When this was done, is not absolutely certain. Moses does not say when. And as he seems not always to keep the order of time, it may be questioned whether this was done very soon after the sentence had been pronounced upon them; or not till after the woman had brought forth, and was the mother of a living child.
Ver. 21," Unto Adam also, and to his wife, did the Lord God make coats of skins, and clothed them."
It is very likely that this is not mentioned in the order of time. For it precedes the account of expelling Adam and Eve out of Paradise; whereas it cannot be easily supposed that it was done so soon. It must be reckoned probable, that immediately after the transgression of our first parents, and pronouncing sentence upon them, they were driven out of paradise. But coats of skins could not be had till some time after the fall; for as all the brute creatures were made by pairs, some time must have been allowed for their increase, before any could be slain in the way of sacrifice, or otherwise.
Some of the Jewish writers indeed have understood this literally: "that unto Adam and his wife God did make coats of skins and clothed them :" that is, he created for them such garments. Then there would be no occasion to
take from any of the beasts; but the more likely meaning is, that by Divine instruction and direction they made to themselves coats of skins: and it may be supposed, that they were but rough and unpolished.
Understand these words, as we generally do, that by Divine instruction, and with the divine approbation, Adam and Eve clothed themselves with the skins of slain beasts, of sheep, or goats, or other living creatures: I should be much inclined to think that Moses inserted this particular, as evidence that God himself approved of clothing the body with proper and sufficient covering, as a ground and foundation of that decency, which is necessary to be observed by so sociable a creature as man, and in his present circumstances. And if the rough skins of beasts were used then, a more agreeable and more ornamental clothing would not be unlawful or sinful hereafter: when farther improvements in arts and sciences should be made by the wit and industry of man: provided it were but suitable to the ability and condition of persons. And, for certain, a great variety of circumstances was very likely to arise in a numerous race of beings.
I say, if this be the meaning of the words, as they are generally understood, I should be much disposed to think, that Moses inserted this particular, to prevent all scruples upon this head: for though a thing be in itself reasonable, and highly expedient; yet there is nothing that so effectually puts objections to silence, as a divine precept or precedent.
However, there is a very learned and diligent expositor of scripture, who explains this text in a different manner. He does not deny, that the original word is used for coat or clothing but yet he thinks the word rendered coats, signifies tents or tabernacles: which would be more needful than clothing in that warm climate near paradise. Nor would the first pair, he thinks, need there so thick and heavy a clothing as that of the skins of beasts. Nevertheless, I do but just mention this sense; for that of our translation is generally approved of both by Jewish and christian interpreters.
Ver. 22, "And the Lord God said; Behold, the man is become as one of us, to know good and evil."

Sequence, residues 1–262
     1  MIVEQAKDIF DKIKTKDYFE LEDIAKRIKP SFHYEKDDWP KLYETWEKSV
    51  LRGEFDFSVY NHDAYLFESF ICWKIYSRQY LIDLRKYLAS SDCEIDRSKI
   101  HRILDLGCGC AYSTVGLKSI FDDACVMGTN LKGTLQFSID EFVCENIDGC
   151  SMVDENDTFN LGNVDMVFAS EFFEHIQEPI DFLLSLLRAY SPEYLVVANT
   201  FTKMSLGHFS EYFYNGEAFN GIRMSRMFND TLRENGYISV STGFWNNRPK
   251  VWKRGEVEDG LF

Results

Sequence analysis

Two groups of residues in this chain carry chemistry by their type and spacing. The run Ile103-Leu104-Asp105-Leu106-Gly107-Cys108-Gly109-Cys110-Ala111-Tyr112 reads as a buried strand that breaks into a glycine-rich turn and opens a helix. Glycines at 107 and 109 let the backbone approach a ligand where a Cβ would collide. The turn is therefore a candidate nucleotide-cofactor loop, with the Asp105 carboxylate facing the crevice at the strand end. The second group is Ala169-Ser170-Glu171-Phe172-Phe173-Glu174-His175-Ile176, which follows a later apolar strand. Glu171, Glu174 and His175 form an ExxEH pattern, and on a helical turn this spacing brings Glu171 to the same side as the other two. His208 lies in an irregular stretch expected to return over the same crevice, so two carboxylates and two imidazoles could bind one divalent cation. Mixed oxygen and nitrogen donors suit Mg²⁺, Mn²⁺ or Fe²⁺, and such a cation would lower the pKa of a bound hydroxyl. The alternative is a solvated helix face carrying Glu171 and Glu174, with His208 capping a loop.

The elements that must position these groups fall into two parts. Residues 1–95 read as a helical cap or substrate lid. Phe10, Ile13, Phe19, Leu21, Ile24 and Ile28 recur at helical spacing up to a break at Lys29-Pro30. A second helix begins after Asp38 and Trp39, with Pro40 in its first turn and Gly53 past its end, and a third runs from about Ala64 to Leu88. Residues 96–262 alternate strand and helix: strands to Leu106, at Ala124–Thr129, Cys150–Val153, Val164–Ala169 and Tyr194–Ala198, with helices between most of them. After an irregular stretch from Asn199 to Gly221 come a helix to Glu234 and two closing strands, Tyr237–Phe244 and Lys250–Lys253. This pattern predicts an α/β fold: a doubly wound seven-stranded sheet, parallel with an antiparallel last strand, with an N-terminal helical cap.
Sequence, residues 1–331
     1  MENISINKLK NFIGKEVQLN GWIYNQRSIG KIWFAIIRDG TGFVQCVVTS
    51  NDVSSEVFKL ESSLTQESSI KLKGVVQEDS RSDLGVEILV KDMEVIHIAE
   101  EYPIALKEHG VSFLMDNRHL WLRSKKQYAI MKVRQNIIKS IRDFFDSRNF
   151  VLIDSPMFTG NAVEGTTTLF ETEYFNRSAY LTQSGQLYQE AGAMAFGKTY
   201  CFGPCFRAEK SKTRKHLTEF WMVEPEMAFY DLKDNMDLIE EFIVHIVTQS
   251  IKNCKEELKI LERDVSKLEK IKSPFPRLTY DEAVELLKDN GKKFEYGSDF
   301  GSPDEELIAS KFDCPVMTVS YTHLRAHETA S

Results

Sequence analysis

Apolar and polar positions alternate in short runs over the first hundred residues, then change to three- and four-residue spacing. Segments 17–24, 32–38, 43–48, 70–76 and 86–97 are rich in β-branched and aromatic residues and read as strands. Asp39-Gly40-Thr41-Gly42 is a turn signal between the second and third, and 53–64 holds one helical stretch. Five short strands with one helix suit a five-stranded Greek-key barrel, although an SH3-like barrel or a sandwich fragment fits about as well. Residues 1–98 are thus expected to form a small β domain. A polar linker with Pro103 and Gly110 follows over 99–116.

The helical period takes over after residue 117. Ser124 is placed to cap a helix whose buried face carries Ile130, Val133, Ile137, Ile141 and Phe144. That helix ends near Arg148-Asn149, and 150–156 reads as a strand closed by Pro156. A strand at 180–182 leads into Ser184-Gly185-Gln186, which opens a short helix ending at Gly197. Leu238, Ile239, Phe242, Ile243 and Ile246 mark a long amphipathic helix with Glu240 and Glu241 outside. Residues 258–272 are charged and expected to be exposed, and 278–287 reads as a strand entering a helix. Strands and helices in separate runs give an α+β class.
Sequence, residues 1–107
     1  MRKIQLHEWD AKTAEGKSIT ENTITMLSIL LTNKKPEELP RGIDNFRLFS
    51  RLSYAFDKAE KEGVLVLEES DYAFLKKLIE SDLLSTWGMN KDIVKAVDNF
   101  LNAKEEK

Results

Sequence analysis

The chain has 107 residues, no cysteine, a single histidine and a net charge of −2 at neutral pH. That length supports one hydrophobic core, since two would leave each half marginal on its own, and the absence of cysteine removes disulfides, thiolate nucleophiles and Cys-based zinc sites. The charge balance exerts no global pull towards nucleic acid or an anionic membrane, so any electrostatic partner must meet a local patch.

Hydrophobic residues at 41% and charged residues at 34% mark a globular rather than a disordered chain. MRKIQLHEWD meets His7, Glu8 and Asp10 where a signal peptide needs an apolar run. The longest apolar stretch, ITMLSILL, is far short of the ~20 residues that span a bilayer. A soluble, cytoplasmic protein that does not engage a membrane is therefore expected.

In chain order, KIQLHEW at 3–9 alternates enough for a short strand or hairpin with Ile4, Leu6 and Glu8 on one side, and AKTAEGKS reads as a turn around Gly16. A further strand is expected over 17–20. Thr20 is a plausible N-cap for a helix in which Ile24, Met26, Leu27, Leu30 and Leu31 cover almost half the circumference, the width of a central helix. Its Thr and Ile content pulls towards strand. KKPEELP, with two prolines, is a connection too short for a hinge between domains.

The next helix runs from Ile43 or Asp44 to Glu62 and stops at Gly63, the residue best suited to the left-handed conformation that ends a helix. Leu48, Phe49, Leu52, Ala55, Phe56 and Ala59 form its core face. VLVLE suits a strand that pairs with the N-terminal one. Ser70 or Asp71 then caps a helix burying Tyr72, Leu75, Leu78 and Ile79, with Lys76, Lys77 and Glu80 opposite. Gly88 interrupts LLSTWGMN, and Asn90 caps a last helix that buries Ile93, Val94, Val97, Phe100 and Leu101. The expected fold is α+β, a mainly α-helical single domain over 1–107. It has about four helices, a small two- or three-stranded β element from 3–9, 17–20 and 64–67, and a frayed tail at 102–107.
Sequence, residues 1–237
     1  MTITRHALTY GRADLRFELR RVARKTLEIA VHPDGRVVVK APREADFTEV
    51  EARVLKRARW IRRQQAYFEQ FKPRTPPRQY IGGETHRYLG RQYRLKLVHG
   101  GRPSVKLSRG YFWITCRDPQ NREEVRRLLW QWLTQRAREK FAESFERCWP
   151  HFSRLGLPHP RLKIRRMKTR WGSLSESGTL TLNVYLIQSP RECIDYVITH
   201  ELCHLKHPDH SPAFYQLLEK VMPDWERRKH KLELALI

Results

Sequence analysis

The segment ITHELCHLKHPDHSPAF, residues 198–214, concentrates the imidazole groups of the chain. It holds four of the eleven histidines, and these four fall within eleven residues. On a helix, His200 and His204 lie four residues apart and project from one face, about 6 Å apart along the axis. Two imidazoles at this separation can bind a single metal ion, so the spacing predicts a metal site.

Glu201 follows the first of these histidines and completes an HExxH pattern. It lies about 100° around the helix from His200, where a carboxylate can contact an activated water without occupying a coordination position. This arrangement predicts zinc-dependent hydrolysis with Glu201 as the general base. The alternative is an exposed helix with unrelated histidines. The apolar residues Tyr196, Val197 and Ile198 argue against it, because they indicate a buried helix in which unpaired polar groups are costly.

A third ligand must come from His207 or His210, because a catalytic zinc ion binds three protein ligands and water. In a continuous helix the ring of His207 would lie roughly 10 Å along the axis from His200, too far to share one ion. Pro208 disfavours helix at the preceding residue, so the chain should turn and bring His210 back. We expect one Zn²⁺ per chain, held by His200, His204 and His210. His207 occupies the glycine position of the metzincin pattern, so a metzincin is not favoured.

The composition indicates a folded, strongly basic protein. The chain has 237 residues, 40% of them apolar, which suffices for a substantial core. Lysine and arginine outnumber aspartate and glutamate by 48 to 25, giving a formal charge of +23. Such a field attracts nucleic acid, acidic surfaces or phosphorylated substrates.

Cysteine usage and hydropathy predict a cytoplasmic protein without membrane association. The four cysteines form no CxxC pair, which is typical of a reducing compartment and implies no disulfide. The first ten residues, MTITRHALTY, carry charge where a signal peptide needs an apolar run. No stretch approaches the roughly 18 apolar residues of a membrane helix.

Calvin's remark upon this verse is exactly to this purpose: Whereas," says he, many christians from this place
b Quod autem
a Vid. J. Cleric. Comm. in Gen. iii. 7, et 21. eliciunt ex hoc loco christiani doctrinam de tribus in Deo personis, vereor ne satis firmum sit argumentum. Comm. in Gen. iii. 22.
'draw the doctrine of a trinity of persons in the Deity, I fear 'the argument is not solid.' So that great man. And indeed, though Moses gives no particular account of the creation of angels, yet their existence is supposed in several parts of this history; and what reason could there be for saying, upon this occasion, that man was become like one of the Divine persons? It may therefore be reckoned very likely that here is a reference to the angelical order of beings, supposed to be more perfect and more knowing than
Still, ver. 22, " And now lest he put forth his hand, and take also of the tree of life, and live for ever."
The expression is elliptical. Somewhat is to be supplied, and to this effect. 'Now care must be had, that he take not of the tree of life, and live for ever.' This seems to imply, what was formerly hinted, that the tree of life was salutary and healing, and might be useful in case of hurts, and injuries, and decays. But man having transgressed in eating of the fruit forbidden him, and having incurred the threatened sentence; (which too had been pronounced upon him ;), it was by no means fit he should eat of the tree of life: the fruit of which might have rendered him immortal, or however prolonged his days to a period that was not suited to the circumstances into which he had brought himself by wilful transgression. There is an allusion to this design, or this virtue of the tree of life in Rev. xxii. 2, "And in the midst of the street of it, and on either side the river was there the tree of life- -And the leaves of the tree were for healing the nations."
Ver. 23, 24, "Therefore the Lord God sent him forth from the garden of Eden, to till the ground, from whence he was taken. So he drove out the man. And he placed at the east of the garden of Eden cherubims, and a flaming sword, which turned every way, to keep the way of the tree of life."
The design of all which, seems to be to intimate, that the sentence of death, pronounced upon man, was peremptory and irreversible. He was by no means to attain to immortality in this world, but suffer the change of death, or the dissolution of soul and body, and return to the dust, out of which he was taken.
The text speaks expressly of "man" only. But all allow that the " woman is included, and must be understood. And are we not also to conclude, that the living creatures were all to follow Adam, and leave paradise.